Friday, April 25

Time of the gypsies

Yesterday, I did something that most of you consider normal. I went to see a movie at the theatre, or as some of us still cutely refer to it, the talkies. Going to the movies is something I do very rarely because my weekends are usually spent in a catatonic state or visiting friends. Cinemas don't allow for interaction, and I've also stopped going to movies by myself.

Anyway, thanks to the benevolent goodness of two friends, a lovely couple who are also my self-appointed guardians in Bombay, I shimmied along as the 3rd wheel for the evening show of 2 States. I enjoyed it; both the cinema experience and the movie.

Yes, perhaps the plot moved along rather quickly and conveniently, particularly in the first half of the movie and then lost steam later on. And maybe the worded stereotype jokes were a little stale. But overall, it was worth a watch. Alia Bhatt acted really well and dominated the movie (which she'd have done anyway considering the screen time, but even so) and Arjun Kapoor was believable, even if I felt he didn't really act as well as her. And there were plenty of genuinely hilarious moments overall, so well done them.

But the mind-blowing moment of the movie for me was seeing Revathy. When she sang a song she was originally pictured in with a very young Salman Khan, FYI, it was truly surreal. To realise that the beautiful woman from that song and the genuinely scary movie Raat was now playing a maami with such aplomb... man, I got wistfully nostalgic as hell. Kudos to the sense of humour of whoever thought of Revathy singing her own classic 90s song in this movie.

I suppose it is a bit of a cliche that I, as a Tam guy, am writing about her when there are probably plenty of you who must have got a similar shock on seeing Amrita Singh. I don't really have too many Tam moments in life, considering I've been born and brought up in and around Bombay & Pune. So I genuinely and selfishly enjoyed the Tamil conversational parts of the movie too. I guess some things strike a chord somewhere, so maybe the movie did get something right about cultural connect after all.

Song for the moment: Saathiya, tune kya kiya - SP Balasubramaniyam & Chitra - OST Love (1991)

P.S: From the comments trail in the video, I guess the movie has given a boost to views and listens of this song. Can't say I am not delighted. 

Monday, April 21

Aqualung

One beer.

One beer just won't do. It really isn't enough. On a sultry night, when the very air is thrumming and shimmering, it doesn't quench your thirst (no matter how much you tell yourself that it does). It makes you crave more. More beer, more everything. The taste evaporates off your palate slowly. Reluctantly. Like lovers relinquishing their grasp on each others fingers at the end of a lovely evening; before one of you gets out of bed in the morning.

Beer is mean. When it realises that you are serious; that you really, truly aren't going to follow up with another, when it doesn't get to glide past your lips, swish about your teeth and hit your throat again with all the wallop of a gastronomic "Hallelujah", then it becomes vindictive. And it takes revenge by drowning you in memories; of good times and better times. When it was the grease that kept the night, the laughter and the glow of camaraderie going on and on. You'll smile since you can't help it, but that's a mistake because the smile will trip you into falling down the spiral staircase of your head; back and back, as you search for the best times you've ever had. And of course, because they are the best times, you won't be able to remember anything except the morning after. Which, in normal circumstances, is the ideal way to remember them, if you know what I mean. Not now though. The beer doesn't care, however. You stopped at one, so it'll gift you the aftertaste and thoughts of friends, witty repartee, cutting, breathtaking humour, arm-in-arm stumbles down dark, empty lanes with the echo of your favourite songs ringing in your ears... and as a knockout reward, sudden, quicksilver exhibitions of of raw vulnerability by your buddies.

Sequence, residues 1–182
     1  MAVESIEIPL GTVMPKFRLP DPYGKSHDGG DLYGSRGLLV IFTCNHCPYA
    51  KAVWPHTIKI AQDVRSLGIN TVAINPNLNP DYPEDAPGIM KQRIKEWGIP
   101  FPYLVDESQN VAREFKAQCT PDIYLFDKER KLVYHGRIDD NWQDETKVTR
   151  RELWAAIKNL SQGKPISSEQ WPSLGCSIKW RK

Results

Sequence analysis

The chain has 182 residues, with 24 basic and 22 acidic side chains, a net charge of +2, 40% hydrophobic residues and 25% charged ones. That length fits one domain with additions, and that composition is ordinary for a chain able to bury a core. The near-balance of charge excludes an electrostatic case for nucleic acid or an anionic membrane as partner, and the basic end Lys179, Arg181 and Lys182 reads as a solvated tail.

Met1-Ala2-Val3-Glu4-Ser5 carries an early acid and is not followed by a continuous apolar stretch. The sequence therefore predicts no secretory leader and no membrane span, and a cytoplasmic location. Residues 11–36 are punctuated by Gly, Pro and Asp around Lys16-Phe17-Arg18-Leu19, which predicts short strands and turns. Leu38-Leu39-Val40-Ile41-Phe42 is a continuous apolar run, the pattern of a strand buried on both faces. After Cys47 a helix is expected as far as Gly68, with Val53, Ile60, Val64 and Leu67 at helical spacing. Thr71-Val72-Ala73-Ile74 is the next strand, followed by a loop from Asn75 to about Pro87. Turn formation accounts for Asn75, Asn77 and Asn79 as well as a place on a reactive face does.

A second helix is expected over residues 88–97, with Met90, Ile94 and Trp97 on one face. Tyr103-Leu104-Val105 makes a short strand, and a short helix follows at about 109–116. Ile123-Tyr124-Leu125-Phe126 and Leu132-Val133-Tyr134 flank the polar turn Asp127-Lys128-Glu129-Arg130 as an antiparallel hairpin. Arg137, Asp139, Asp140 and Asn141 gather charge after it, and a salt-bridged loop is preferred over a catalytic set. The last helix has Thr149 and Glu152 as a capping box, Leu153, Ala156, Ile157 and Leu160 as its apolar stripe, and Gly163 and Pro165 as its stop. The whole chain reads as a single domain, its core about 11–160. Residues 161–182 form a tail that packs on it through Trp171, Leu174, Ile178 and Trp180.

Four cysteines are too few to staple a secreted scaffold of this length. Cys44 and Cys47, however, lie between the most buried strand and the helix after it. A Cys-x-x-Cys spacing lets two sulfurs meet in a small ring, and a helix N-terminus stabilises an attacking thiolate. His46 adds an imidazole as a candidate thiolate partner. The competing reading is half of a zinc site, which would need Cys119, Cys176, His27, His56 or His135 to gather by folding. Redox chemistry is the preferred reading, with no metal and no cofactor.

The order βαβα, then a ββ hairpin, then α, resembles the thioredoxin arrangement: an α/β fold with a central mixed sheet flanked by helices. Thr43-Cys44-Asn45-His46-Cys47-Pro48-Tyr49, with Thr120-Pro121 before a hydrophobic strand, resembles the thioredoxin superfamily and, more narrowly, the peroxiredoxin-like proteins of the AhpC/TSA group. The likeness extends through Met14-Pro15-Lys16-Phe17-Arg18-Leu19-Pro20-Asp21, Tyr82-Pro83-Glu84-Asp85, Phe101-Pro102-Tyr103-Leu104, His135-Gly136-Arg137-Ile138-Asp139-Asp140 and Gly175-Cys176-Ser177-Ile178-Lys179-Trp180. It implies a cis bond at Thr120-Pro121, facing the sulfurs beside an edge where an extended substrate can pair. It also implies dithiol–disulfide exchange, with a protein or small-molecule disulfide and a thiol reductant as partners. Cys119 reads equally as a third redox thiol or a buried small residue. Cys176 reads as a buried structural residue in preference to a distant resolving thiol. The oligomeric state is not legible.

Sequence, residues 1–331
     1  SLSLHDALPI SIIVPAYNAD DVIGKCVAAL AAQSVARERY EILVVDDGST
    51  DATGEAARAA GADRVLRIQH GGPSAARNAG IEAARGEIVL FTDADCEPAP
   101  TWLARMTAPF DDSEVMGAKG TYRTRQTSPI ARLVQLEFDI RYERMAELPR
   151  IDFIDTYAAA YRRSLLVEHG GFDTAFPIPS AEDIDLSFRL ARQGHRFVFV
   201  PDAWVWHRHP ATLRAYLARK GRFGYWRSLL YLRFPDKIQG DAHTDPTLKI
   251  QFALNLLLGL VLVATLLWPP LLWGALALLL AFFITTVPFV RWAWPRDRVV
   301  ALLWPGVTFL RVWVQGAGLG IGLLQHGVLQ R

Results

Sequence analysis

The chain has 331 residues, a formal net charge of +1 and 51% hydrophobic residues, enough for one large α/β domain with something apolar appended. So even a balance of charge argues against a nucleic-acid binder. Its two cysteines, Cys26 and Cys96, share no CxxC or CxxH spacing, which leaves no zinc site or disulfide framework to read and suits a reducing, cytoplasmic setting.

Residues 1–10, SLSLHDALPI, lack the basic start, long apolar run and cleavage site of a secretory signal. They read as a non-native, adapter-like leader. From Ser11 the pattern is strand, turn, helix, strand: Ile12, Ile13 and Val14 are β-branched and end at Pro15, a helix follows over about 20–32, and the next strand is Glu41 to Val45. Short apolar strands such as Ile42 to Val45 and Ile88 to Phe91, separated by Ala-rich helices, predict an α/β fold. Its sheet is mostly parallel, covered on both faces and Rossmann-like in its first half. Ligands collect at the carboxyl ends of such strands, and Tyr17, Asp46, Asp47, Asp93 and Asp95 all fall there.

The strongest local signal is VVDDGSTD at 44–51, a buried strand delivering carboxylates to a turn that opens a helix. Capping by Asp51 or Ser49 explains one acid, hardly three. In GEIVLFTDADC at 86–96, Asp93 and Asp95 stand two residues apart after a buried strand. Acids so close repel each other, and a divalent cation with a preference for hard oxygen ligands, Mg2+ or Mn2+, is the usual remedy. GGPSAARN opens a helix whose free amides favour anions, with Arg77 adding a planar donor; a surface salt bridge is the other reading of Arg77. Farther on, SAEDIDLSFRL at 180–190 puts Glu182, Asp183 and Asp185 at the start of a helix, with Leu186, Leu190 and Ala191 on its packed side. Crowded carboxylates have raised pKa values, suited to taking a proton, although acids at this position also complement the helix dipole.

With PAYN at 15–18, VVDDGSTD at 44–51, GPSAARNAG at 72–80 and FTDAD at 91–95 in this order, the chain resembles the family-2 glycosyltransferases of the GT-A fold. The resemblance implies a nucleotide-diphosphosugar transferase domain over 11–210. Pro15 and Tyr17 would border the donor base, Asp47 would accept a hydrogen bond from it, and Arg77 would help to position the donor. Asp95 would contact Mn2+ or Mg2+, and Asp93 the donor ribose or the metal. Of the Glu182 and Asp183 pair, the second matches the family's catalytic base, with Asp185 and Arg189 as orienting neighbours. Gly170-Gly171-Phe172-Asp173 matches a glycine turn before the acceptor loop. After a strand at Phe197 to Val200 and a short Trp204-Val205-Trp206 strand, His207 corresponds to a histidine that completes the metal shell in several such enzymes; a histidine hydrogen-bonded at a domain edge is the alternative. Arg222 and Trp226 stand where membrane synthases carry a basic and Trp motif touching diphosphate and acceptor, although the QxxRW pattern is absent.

Your mouth craves a cigarette. Just the thought of a single puff. The warm acridity. The instant electric rush. A spark of imagined cool as your face is reflected in the light of the match. After which your eyes wander. Stare. Imagine. See. Unsee. Relive. Discover. Pause. Close.

Now you're craving a taste of the lips you spend so much time thinking about. The ones you want to bite into, slowly and gently, even as your hands involuntarily clench, hungering to explore in conjunction with your tongue. The sensation of a fleeting flicker.

All the while your ears wait to hear it. The gentle breath on the lobe; the totally, totally involuntary gasp. The sound of pleasurable surrender.

Your shoulders ache dully, like a blunt knife is pressing against them. You'd kill for a hug. The kind that ends in a moment but goes on forever. You'll settle for a reassuring squeeze. A light brush of the fingertips. Anything. 

Your nose flares; tells you of many things. Musk. Sweat. The faint whiff of clean skin. Good perfume. Earthy darkness of tresses imprinting themselves on your lungs.

All of it drifts away, leaving you behind, empty and alone with your regrets.

One beer really isn't enough.

Song for the moment: Chelsea Hotel #2 - Leonard Cohen